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82 INSULATION


thermal performance and energy efficiency, the constructed building may not deliver the level of durability, comfort, energy savings or service life calculated at design stage.


What’s the answer? For some, part of the answer is modular construction where envelope solutions can be created in factory conditions to deliver real, measurable thermal performance, without compromising the integrity of the building or the health of the occupier. There are lessons to be learned from the modular approach – which can be used to transition this standardised model into the less uniform world of onsite construction too. What’s required are new build systems for the building envelope, which consider the full ‘foundation-to-wall-to-roof’ build-up required for different types of construction, including clad and brick clad timber frame structures as well as CLT (cross-laminated timber), steel and concrete designs with both clad and rendered external finishes. In this way, insulation suppliers can provide a total solution for the interface design with an inclusive package of products to provide everything required for consistent installation.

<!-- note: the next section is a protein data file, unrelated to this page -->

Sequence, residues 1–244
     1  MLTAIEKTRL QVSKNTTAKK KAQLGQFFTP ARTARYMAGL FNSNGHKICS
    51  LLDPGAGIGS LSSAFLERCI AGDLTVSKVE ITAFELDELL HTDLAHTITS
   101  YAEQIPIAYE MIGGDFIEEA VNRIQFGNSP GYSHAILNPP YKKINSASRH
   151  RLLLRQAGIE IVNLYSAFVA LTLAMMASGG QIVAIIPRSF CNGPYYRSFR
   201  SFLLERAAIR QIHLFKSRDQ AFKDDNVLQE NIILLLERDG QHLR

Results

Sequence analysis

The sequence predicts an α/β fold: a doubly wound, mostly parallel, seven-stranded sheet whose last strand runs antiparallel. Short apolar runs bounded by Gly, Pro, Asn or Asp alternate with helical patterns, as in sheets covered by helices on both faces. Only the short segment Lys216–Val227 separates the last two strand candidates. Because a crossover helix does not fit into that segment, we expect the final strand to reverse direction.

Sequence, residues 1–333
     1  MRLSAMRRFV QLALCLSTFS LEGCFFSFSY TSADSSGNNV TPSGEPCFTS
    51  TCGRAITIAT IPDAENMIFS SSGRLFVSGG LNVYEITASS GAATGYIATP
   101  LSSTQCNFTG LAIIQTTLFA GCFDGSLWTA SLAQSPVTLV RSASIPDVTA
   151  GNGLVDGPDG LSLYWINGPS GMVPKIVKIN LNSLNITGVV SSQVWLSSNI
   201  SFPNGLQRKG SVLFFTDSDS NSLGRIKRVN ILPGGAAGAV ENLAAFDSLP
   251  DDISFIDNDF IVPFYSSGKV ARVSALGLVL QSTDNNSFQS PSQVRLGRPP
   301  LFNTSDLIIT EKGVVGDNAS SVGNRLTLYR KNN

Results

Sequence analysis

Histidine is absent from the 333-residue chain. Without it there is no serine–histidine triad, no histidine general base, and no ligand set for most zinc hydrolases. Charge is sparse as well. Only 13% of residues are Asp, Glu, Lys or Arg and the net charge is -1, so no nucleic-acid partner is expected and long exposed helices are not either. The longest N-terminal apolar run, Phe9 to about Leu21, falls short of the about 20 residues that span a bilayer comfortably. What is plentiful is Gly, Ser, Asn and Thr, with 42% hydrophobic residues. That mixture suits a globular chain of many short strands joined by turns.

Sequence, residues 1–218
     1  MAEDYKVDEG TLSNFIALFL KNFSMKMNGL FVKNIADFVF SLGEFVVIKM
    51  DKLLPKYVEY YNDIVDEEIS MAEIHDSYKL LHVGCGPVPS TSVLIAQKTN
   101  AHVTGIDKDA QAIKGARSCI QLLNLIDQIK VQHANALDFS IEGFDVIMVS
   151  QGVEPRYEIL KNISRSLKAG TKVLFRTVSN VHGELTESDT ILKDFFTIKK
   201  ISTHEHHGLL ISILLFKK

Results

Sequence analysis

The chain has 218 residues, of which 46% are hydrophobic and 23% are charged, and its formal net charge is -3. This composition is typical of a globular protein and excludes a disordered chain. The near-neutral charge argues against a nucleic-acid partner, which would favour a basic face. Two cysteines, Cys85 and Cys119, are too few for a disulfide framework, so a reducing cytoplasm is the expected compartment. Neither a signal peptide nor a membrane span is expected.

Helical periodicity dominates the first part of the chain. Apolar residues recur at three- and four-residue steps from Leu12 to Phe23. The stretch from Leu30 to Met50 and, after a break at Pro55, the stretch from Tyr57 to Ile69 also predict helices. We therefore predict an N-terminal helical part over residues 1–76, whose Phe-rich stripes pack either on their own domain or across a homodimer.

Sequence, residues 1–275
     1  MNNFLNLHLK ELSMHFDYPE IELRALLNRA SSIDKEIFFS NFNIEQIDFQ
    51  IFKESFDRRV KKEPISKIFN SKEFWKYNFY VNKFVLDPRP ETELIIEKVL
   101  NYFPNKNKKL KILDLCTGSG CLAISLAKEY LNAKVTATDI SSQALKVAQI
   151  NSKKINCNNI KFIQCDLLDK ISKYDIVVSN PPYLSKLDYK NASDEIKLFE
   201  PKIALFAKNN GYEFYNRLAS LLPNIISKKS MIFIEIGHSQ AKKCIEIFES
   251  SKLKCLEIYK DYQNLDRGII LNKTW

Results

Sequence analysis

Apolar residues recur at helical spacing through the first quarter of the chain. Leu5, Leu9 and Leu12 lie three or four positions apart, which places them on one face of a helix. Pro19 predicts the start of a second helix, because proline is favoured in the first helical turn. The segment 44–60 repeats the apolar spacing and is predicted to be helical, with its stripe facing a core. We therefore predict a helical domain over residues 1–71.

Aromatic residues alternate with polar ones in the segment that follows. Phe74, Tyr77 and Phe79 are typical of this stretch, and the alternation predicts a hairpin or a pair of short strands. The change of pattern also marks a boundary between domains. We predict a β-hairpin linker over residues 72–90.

Supply chain engagement The idea is to align improved design integrity and building performance with a real-world approach to answering buildability issues, time pressures and skills shortages. If suppliers offer a single-source, consistent specification and work with specifiers and contractors to advise them and develop the specification, they can ensure the specific interface detail used is the right fit for the individual project, contributing to quality assurance. Collaboration has become a buzzword in construction, but supplier engagement is often the missing link in this process because so many specification choices are made as a procurement function rather than as an integral part of the early design process and buildability analysis. Architects should expect suppliers to be more than a company that simply sells products. Instead the supply chain should be challenged to actively contribute to the performance of the finished building and the expertise needed to improve the design of the critical interfaces within the building envelope.


Andrew Mitchell is managing director of NBT (Natural Building Technologies)


WWW.ARCHITECTSDATAFILE.CO.UK ADF JULY 2019


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